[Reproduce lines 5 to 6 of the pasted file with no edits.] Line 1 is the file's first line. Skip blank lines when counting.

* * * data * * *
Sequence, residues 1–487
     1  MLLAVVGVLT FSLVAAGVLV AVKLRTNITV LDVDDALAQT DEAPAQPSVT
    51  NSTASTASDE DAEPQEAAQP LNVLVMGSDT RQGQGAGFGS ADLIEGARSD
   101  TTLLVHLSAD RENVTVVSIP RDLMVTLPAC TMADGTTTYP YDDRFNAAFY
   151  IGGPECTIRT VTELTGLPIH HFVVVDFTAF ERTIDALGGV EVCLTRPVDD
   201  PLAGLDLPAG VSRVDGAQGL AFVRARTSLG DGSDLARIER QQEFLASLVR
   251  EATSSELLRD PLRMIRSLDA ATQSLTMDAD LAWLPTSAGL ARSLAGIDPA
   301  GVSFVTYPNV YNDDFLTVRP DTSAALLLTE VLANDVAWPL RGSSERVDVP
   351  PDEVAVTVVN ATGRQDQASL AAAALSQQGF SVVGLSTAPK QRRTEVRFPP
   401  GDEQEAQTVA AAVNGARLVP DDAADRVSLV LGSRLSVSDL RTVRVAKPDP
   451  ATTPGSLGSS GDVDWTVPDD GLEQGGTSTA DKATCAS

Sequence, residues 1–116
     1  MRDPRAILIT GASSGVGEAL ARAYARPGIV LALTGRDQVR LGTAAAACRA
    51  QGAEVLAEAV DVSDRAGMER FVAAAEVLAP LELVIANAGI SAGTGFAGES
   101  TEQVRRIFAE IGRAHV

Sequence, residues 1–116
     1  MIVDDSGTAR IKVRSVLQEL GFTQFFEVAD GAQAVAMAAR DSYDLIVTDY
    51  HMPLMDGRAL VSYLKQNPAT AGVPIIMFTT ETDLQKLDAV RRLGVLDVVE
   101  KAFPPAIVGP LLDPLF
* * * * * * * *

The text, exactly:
   151  IGGPECTIRT VTELTGLPIH HFVVVDFTAF ERTIDALGGV EVCLTRPVDD
   201  PLAGLDLPAG VSRVDGAQGL AFVRARTSLG DGSDLARIER QQEFLASLVR